China

China To UK: 'Golden' Ties At Crucial Juncture Over Nuclear Delay (reuters.com) 170

mdsolar quotes a report from Reuters: China has cautioned Britain against closing the door to Chinese money and said relations were at a crucial juncture after Prime Minister Theresa May delayed signing off on a $24 billion nuclear power project. In China's sternest warning to date over May's surprise decision to review the building of Britain's first nuclear plant in decades, Beijing's ambassador to London said that Britain could face power shortages unless May approved the Franco-Chinese deal. "The China-UK relationship is at a crucial historical juncture. Mutual trust should be treasured even more," Liu Xiaoming wrote in the Financial Times. "I hope the UK will keep its door open to China and that the British government will continue to support Hinkley Point -- and come to a decision as soon as possible so that the project can proceed smoothly." The comments signal deep frustration in Beijing at May's move to delay, her most striking corporate intervention since winning power in the political turmoil which followed Britain's June 23 referendum to leave the European Union.
Books

Nicholas Carr Says Tech 'Utopia Is Creepy' (cio.com) 213

itwbennett writes: It probably won't come as a big surprise that Mr. 'IT Doesn't Matter' isn't a big fan of Silicon Valley's vision for the future, a future defined by autonomous cars and the inevitable rise of robots. In his new book, 'Utopia is Creepy: And Other Provocations,' Carr takes aim at the irrational exuberance of Silicon Valley, where tech is the answer to every problem. One of the exuberances that Carr takes particular exception to is the notion that social media is a better, freer form of media than 'old' media, which maybe makes sense coming from a former executive editor of the Harvard Business Review, but he does have a point. "The old gatekeepers, to the extent they were gatekeepers, have been replaced by companies like Facebook and Google and companies that really now have become the new media companies and are very much controlling the flow of information," Carr told CIO.com's Clint Boulton.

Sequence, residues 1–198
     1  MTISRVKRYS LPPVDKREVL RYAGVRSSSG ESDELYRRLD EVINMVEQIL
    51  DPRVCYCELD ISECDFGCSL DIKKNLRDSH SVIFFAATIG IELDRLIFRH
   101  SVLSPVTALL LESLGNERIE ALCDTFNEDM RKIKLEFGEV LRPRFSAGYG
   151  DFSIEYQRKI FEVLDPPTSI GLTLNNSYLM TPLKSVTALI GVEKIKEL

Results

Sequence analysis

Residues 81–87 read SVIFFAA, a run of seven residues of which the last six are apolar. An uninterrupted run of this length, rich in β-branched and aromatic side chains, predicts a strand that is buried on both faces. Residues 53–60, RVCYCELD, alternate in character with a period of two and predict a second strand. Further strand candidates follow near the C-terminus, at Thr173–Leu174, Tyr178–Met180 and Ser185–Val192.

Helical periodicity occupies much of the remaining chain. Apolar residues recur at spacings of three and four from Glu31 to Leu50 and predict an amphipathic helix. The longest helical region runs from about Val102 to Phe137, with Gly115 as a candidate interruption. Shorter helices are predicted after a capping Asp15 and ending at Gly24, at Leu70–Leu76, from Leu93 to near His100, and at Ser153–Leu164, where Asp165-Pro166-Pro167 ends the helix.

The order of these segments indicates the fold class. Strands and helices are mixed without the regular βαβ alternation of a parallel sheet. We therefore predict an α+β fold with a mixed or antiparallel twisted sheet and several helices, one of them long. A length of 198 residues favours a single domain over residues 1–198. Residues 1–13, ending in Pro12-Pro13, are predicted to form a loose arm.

Businesses

Report: Apple Watch 2 Coming Late 2016 With GPS, Faster Processor and Better Waterproofing (9to5mac.com) 159

An anonymous reader writes: Apple analyst KGI's Ming-Chi Kuo says the Apple Watch 2 is right around the corner. The analyst says the Watch will arrive in late 2016 and will likely be announced alongside the iPhone 7 in September. It will reportedly feature a GPS, barometer, better waterproofing, as well as a new internal SoC for faster performance. Those looking for a fresh new design may be disappointed as KGI does not expect the physical design of the watch to change at all. The Apple Watch 2 will essentially be an 'iPhone S' update, where it keeps the same physical design with improved internal specifications. In addition to the updated Apple Watch 2, Apple is expected to update the original Apple Watch with a new SoC to improve CPU and GPU performance. The price of the Apple Watch in general should be cut even further than it already has. The original Apple Watch could receive more than a $50 reduction in its pricing, possibly pushing it below the $200 mark. We should know more in early September when Apple unveils the iPhone 7.
Google

Google: Unwanted Software Is Worse Than Malware (thestack.com) 149